USAID Congratulates CBL on Successful Printing of L$4 Billion Banknotes

Central Bank of Liberia

The United States Agency for International Development (USAID) has extended “sincere congratulations to the management and staff of the Central Bank of Liberia (Central Bank) on the successful competitive procurement and printing of LD4 billion in Liberian Dollar Banknotes to help ease the liquidity situation in Liberia and provide ordinary Liberians access to the cash they need to pay for essential goods and services.”

According to a statement issued Sunday, USAID expresses its pride in having worked in partnership with Central Bank leadership and staff in providing a technical assistance program to realize improved management and the institution of international best practices in Central Bank operations.

“As part of that program,” USAID said, “the Central Bank worked with Kroll Associates (Kroll), an internationally recognized risk mitigation firm, to put in place a competitive, accountable, and transparent procurement process and to securely track the shipment of the new banknotes from the printer to the Central Bank’s vaults in Monrovia. We are pleased that the Central Bank will continue to work with Kroll to ascertain that the new banknotes are in full compliance with the contractual specifications and ensure their proper injection into the banking system and the broader Liberian economy.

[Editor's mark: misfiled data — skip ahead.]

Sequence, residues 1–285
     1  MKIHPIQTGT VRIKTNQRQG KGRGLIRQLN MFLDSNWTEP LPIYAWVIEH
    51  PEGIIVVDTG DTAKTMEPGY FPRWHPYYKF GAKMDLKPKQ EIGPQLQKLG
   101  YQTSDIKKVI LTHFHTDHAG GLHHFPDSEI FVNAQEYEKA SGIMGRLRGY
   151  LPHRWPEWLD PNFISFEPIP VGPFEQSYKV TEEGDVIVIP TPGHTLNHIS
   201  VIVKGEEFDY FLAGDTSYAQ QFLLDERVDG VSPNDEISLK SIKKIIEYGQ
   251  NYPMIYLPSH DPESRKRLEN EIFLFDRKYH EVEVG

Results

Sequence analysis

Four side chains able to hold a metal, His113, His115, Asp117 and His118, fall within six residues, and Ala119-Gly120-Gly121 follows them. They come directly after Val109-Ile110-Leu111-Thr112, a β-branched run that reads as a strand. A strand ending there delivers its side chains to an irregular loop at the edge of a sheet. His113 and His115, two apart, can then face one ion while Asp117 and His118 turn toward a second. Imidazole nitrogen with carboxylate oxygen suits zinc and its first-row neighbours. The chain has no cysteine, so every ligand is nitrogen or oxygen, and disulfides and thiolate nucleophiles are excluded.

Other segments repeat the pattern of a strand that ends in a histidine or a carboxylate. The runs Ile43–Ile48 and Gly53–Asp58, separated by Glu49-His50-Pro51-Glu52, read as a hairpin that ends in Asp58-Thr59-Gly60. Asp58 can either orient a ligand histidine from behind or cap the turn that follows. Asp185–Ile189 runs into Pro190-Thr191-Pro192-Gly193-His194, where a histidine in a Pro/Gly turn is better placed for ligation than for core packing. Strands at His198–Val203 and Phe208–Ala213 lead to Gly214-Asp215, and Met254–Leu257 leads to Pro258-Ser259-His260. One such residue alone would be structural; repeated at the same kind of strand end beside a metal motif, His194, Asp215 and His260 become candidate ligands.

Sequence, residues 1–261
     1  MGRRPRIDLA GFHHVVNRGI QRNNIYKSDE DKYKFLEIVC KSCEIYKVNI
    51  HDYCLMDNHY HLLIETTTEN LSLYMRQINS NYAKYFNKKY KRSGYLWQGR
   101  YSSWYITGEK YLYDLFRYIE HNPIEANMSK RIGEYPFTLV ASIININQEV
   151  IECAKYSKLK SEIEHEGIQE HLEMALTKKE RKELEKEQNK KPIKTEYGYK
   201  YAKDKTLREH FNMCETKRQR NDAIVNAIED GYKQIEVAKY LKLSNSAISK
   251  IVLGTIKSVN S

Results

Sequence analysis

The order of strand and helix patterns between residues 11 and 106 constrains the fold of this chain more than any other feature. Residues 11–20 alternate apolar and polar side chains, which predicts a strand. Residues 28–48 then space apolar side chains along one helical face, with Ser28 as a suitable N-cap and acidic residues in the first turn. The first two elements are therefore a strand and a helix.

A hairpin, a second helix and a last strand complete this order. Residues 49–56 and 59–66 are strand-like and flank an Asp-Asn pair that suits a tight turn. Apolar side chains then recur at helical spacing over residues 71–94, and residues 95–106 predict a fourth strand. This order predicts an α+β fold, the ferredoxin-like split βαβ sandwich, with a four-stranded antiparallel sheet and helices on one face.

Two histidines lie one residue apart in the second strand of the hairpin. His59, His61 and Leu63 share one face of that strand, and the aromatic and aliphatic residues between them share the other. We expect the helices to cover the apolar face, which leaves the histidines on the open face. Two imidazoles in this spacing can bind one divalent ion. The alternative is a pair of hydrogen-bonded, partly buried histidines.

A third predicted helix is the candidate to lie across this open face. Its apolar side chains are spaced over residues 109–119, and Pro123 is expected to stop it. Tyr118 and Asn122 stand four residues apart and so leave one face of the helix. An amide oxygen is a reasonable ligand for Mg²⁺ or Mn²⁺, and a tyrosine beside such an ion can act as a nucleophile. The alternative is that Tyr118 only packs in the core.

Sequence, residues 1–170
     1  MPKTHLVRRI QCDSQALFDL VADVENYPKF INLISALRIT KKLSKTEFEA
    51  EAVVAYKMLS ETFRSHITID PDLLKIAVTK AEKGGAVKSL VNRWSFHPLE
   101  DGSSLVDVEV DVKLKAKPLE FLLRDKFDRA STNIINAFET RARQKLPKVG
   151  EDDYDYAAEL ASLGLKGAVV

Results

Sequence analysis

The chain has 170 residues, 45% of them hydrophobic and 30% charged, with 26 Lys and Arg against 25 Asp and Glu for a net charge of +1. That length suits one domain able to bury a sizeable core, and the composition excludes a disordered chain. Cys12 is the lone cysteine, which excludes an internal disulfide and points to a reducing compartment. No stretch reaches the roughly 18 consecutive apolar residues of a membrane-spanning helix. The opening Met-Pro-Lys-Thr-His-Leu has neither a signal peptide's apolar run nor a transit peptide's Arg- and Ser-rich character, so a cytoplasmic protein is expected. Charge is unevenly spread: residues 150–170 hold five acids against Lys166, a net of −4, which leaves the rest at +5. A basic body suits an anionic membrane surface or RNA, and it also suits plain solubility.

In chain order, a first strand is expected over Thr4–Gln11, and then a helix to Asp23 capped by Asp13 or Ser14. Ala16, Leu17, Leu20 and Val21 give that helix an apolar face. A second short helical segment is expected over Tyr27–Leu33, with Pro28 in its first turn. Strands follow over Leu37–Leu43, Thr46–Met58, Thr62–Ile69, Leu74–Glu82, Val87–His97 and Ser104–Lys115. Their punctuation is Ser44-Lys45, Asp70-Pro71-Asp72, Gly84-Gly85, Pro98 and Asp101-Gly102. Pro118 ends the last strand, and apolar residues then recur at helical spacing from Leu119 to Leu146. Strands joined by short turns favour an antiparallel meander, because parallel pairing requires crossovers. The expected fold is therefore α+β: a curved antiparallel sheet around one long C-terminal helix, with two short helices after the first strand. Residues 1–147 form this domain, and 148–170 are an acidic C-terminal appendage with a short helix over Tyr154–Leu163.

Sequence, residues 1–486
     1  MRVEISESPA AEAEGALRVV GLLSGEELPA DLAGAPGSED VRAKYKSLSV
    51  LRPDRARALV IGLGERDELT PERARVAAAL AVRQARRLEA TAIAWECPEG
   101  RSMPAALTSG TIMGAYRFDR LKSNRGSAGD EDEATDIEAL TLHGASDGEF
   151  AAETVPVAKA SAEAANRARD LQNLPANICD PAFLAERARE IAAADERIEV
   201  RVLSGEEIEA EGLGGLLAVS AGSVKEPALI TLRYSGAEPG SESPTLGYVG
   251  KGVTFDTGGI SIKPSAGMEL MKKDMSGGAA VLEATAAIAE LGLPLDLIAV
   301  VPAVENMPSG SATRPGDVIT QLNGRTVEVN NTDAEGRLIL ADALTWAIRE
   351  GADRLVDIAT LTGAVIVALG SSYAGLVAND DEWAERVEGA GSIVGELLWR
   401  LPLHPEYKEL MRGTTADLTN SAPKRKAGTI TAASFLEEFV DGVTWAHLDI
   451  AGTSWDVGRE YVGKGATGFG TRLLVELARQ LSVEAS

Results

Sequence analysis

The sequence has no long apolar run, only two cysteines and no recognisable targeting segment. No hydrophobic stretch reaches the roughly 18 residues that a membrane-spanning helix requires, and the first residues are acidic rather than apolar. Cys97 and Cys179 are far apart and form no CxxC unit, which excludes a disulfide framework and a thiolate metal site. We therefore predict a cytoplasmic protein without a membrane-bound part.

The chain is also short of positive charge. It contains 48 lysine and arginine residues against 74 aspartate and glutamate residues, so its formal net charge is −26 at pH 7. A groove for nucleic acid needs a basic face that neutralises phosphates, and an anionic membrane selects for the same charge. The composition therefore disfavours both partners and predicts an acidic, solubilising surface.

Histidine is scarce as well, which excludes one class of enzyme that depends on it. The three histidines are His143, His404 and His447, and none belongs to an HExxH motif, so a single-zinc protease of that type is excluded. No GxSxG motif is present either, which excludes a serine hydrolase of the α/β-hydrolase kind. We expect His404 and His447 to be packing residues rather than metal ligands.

“USAID looks forward to continuing to support this Liberian-led effort, managed and executed by the Central Bank management team and staff, in accordance with international best practices,” the statement said. “We have been here, we are still here, working together, the United States and Liberia, pursuing fruitful collaborations in service to the people of Liberia.”


  1. Hi Daily Observer,

    Is this the same Kroll?

    The writer questioned the performance of Kroll in an article and asked, “Was it the lack of competent personnel and/or lack of policy that prevented officials from infusing the L$16bn into Liberia currency circulation?”

    He added, “well, everyone knows now that the L$16bn was not infused into the commercial banking system because the government has admitted that it has no new banknotes. The public widely suspects that the L$16bn new banknotes are at private homes largely because former President Sirleaf and President George Weah failed to ensure the infusion of the 16bn Liberian dollar banknotes into circulation.”

    Referring to Kroll, he stated, “another foreign consultant, Kroll, hired to investigate and examine the L$16B saga, I guess, was aware that the L$16B was missing but was encouraged to go along with the Government’s version that only a small amount of money was missing, but government should instead focus on correcting accounting irregularities and personnel negligence.

    “Assumingly, had it not followed the government line, Kroll would have been compelled to follow the International Standards on Auditing (ISA) 500, which requires an external auditor to obtain reliable evidence from third parties (in this case, the nine commercial banks of Liberia).”

    Responding to letters from Kroll, each of the nine commercial banks would have been required to report the values of new banknotes each received and infused into Liberia’s currency circulation and the values of old banknotes each returned to the Central Bank.”

    “This approach would have revealed that no new banknotes were infused into Liberia currency circulation, which would have confirmed the allegation that officials siphoned the L$16B. Of course, the government was not ready to give the hard truth to the population; hence, our international partners, stakeholders, and Kroll went along.”


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